Mr. Exley makes an important point when he says that governments are necessary participants in the large scale changes that can end poverty and all its awful consequences, from war to diseases to lack of fulfillment, to cite a few. This is certainly true when it comes to necessary educational reform. But if we are talking about truly sustainable, transformative change, other sectors (private, nonprofit, citizen, academic) are just as important. That is especially the case if we truly want to avoid having the same Kafkaesque discussions at the same high-level meetings with no truly sustainable practical outputs.

What we need is talent versed in creative flows to be supported in trying out (and sometimes failing) and finding sustainable solutions to our unlivable challenges: poverty, war, diseases, modern slavery, our environment, our education systems, and more. Government support is needed, but governments without the talent powering them do not go anywhere. Philanthropists supporting talent and creative heroes outside of government are needed. And by support, I also mean compensation that allows talent to live on and raise families. According to the Institute for Economics and Peace, in 2012, violence cost USD 9.46 trillion. According to the same source, that’s 75 times more than the official aid that was given to countries in need last year. What we need is humanist action that shows how much we value work that prevents war, the spread of diseases, human trafficking, environmental degradation, and growing inequality and poverty.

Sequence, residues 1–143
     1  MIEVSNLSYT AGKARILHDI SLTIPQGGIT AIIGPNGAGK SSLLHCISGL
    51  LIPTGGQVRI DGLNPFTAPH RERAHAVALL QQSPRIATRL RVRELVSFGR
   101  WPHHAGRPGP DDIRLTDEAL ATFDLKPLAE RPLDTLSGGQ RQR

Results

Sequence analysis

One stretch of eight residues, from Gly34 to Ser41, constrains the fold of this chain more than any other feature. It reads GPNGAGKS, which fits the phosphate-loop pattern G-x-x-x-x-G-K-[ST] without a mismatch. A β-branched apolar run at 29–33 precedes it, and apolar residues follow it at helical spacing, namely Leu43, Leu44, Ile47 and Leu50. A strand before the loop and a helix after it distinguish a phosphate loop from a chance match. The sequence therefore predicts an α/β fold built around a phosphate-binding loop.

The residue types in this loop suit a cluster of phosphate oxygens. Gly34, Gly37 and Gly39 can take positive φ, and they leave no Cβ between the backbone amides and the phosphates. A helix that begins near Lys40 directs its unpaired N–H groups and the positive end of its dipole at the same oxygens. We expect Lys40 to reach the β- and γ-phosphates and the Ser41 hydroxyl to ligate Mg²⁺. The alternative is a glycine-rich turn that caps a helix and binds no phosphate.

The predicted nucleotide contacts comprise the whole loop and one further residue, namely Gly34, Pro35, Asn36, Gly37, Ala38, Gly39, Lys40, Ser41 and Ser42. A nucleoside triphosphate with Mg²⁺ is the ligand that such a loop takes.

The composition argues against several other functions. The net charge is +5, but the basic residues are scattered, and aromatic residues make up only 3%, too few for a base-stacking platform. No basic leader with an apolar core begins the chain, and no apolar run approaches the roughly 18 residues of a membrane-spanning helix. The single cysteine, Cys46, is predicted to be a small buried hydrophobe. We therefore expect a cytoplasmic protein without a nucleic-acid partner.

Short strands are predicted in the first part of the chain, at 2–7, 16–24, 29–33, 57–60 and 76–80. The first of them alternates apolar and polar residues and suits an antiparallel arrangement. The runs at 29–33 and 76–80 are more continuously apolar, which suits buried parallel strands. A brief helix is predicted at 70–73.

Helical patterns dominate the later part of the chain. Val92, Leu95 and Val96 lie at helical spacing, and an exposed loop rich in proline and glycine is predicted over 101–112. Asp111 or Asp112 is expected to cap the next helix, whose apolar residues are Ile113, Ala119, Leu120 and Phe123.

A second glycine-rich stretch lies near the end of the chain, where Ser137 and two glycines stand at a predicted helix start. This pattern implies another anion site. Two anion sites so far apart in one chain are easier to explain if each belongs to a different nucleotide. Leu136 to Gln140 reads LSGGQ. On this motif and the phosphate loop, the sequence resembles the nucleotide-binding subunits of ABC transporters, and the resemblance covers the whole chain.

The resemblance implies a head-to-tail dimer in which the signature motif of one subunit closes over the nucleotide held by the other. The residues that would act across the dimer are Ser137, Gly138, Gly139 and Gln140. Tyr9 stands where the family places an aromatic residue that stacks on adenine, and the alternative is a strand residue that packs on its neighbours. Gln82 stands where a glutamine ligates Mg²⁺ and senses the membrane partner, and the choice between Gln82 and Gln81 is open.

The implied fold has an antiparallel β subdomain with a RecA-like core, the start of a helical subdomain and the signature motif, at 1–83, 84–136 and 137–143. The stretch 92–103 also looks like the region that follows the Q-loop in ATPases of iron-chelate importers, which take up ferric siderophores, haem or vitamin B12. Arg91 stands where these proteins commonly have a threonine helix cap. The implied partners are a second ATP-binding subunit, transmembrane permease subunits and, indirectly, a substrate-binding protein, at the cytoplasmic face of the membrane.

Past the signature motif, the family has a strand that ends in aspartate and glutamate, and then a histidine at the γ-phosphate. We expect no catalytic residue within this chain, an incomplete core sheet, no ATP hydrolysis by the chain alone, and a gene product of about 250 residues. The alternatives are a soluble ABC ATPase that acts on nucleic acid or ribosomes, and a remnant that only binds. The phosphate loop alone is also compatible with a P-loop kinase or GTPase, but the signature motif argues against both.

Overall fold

In September, I am headed to one of those hero places, The Amani Institute in Kenya. The institute prepares next-generation talent to tackle global challenges by filling the gap between university and the workforce through a new approach to higher education. The Amani methodology (Learning by Doing, Building Professional Skills, The Leadership Journey, Acceleration, Time-Period, Location, Target Audience) and values (Vision, Courage, Empathy, Change-making) make up the core design of its work. I am still trying to figure out how to cover my travel expenses.

Perhaps, Mr. Buffett, your philanthropy can assist?